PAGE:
Charles Bronson prisoner: what he said about parole hearing and how to watch Channel 4 documentary

Bronson has amassed 17 convictions for a string of violent offences and he has taken over 11 people hostage

Charles Bronson has spent nearly 50-years in prison. (YouTube)Charles Bronson has spent nearly 50-years in prison. (YouTube)
Charles Bronson has spent nearly 50-years in prison. (YouTube)

The British Parole Board is assessing whether it is safe to release inmate Charles Bronson after a three-day public hearing.

Bronson was recently the subject of a Channel 4 documentary titled Bronson: Fit to be Free?

The two-part documentary delved into the story of Bronson’s crimes and assessed whether he can be reintegrated into society in the future. The 70-year-old criminal has spent nearly all of the last 50 years behind bars since his initial arrest in 1974.

The Channel 4 documentary features interviews with Bronson and a series of candid chats with his son George.

But how can viewers watch Charles Bronson’s documentary and what has been said about his parole? Here is everything you need to know.

How to watch Bronson: Fit to be Free?

The first episode of Bronson: Fit to be Free aired on Channel 4 on Monday 27 February.

The second part of the documentary aired a day later on Tuesday 28 February.

You can catch up on both parts of the documentary on All4 which is available for you to download on your mobile phone or tablet device.

Who is Charles Bronson?

Charles Bronson, born Michael Peterson, is a British criminal who has been described by Channel 4 as the “UK’s most notorious prisoner.”

Peterson changed his name to Bronson in the 1980s as an alias dreamed up when he went into boxing - he claims he was encouraged to change his name by notorious east London gangsters, Ronnie and Reggie Kray, with whom he said he served time.

Bronson changed his name a second time in 2014 to Charles Salvador which he said means “man of peace”, he has dismissed links to artist Salvador Dali.

Bronson  was initially jailed for seven years for armed robbery in 1974. He has mainly been kept in jail since then due to his repeated violence inside jail, mostly towards prison staff.

Bronson has held 11 hostages in nine different sieges, with governors, doctors, staff and his own solicitor among the victims. In 2000, Bronson was handed a minimum four-year sentence for holding a prison teacher hostage at HMP Hull.

The Parole Board has refused to release him from prison since this incident.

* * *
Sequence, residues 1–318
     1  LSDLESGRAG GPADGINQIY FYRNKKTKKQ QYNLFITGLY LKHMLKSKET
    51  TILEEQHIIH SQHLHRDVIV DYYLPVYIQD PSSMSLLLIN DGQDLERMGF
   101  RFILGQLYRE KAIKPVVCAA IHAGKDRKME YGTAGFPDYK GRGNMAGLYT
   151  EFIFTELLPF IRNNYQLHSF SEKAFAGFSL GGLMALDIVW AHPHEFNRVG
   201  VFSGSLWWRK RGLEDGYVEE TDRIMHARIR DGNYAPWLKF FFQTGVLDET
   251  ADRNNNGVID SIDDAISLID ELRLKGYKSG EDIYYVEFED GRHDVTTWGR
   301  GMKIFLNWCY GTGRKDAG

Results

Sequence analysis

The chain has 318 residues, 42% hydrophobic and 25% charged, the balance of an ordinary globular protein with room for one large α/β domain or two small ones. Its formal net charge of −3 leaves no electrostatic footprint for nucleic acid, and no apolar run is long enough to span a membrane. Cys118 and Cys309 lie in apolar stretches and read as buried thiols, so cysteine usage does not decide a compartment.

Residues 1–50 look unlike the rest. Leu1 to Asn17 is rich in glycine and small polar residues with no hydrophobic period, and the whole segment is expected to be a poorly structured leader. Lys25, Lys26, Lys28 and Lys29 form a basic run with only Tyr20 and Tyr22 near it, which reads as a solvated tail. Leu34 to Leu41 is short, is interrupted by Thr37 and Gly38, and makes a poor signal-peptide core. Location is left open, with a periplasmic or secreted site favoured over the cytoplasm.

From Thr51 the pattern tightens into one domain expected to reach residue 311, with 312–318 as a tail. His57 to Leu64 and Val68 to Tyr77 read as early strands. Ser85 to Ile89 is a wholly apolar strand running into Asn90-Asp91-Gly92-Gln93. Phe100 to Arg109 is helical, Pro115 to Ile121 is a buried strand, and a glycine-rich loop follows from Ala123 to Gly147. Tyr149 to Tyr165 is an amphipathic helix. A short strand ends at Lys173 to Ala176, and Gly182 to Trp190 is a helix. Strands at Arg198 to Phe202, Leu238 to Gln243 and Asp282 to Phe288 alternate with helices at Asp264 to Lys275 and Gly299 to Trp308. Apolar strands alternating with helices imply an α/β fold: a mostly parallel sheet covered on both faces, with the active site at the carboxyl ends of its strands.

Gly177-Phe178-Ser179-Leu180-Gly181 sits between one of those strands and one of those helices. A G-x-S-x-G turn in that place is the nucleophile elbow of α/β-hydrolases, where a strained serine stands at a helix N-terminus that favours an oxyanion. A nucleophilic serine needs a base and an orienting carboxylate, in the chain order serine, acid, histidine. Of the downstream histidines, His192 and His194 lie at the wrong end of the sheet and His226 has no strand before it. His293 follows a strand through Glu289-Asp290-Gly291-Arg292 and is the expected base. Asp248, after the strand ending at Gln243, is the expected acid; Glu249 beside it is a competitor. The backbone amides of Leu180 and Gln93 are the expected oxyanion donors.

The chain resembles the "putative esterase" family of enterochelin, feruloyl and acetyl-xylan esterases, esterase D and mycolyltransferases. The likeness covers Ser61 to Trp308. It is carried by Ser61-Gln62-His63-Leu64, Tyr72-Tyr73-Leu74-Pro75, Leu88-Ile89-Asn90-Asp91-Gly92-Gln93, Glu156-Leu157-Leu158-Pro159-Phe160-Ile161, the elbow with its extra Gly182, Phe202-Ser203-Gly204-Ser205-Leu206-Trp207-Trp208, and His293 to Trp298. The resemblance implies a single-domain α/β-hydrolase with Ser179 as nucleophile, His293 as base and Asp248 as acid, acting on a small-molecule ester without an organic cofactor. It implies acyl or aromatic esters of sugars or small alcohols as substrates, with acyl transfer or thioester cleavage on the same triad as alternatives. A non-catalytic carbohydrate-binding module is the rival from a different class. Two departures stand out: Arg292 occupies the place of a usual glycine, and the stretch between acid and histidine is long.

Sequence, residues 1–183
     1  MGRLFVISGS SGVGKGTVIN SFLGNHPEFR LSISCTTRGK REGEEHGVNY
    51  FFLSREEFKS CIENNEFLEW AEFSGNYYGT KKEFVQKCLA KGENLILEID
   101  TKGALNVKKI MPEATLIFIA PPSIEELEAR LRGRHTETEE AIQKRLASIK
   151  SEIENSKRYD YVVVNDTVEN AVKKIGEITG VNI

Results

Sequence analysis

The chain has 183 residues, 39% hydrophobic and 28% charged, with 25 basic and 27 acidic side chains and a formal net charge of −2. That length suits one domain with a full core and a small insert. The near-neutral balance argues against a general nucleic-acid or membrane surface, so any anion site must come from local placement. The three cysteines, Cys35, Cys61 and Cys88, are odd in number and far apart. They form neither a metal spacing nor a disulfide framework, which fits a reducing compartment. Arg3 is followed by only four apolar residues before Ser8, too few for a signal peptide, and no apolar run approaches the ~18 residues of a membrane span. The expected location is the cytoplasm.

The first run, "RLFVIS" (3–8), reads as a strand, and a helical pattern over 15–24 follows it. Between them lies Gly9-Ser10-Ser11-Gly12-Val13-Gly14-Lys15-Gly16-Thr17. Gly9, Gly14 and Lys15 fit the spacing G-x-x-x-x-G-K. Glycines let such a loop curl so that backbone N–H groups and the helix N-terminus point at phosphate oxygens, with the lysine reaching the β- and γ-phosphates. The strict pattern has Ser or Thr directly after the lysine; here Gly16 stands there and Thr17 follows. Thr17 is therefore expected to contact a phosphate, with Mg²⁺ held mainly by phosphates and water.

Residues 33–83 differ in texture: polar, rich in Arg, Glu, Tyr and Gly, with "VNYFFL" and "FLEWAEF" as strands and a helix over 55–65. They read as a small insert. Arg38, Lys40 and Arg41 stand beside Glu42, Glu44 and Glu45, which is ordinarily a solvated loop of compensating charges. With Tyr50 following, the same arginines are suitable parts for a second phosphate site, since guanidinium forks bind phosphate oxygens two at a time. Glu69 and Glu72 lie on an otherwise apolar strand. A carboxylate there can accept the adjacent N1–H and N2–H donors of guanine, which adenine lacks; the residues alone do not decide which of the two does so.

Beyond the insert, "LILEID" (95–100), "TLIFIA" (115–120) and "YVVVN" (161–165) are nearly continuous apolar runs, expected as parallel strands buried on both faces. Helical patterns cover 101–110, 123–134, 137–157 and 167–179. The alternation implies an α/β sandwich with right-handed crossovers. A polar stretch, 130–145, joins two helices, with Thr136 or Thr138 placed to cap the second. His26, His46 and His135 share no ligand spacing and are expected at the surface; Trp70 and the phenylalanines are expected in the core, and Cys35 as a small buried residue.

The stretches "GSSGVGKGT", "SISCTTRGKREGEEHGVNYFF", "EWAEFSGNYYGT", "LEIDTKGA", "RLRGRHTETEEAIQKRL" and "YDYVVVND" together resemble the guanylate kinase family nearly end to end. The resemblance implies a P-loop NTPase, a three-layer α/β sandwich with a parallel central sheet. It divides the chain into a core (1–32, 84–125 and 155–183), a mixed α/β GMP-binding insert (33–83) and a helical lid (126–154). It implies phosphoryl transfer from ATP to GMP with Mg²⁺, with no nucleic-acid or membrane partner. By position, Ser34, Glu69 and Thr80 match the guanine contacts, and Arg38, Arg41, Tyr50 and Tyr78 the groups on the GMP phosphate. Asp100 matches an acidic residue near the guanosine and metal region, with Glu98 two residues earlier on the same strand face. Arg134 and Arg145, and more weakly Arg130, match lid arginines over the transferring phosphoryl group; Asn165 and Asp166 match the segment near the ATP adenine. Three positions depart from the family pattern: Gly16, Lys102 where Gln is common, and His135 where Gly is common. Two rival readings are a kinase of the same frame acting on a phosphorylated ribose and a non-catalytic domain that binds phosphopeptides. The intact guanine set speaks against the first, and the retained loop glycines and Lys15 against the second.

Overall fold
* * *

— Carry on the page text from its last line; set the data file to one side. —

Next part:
When was Bronson’s parole hearing?

Charles Bronson’s case was reviewed by the Parole Board on Monday 6 March and Wednesday 8 March.

Parole Board chairwoman previously claimed it was in the interest of justice for Bronson to have a public hearing. She said: “I have concluded that a public hearing is in the interests of justice in the case of Mr Salvador. I therefore grant the application for the hearing to be held in public.”

The third and final day of proceedings is taking place behind closed doors on Friday 10 March so that confidential details can be disclosed.

What has Bronson said about the hearing?

Charles Bronson claims to be reformed ahead of the meeting and he believes he can “taste freedom.” Bronson also describes his son George as a key reason behind his rehabilitation.

Bronson describes himself as a “normal geezer wanting to get on with his life” he also plans to live in the countryside if he is released.

Bronson said: “The system has labelled me for so many years untameable, untreatable, unpredictable, dangerous…I’ve had every label you can think of. But at the end of the day what people don’t realise, since George, my son, has come into my life, I’ve changed and…George has got me the best legal team in the world.

“I’m coming home, I’m definitely coming home. Cards on the table, do I sound like Britain’s most dangerous man? Come on.”

Bronson also spoke of his passion for art and claims it helped him to find his true self. He added: “My art is now my life, when I create a piece of art, I create a piece of myself. I’m more proud of my art than I am anything and what I’ve basically done…I’ve swapped (my) swan-off shotgun for a sawn-off paintbrush. And it’s lovely, it’s beautiful.”

The Parole Board will consider whether he should remain behind bars after the hearing and a decision is due at a later date.

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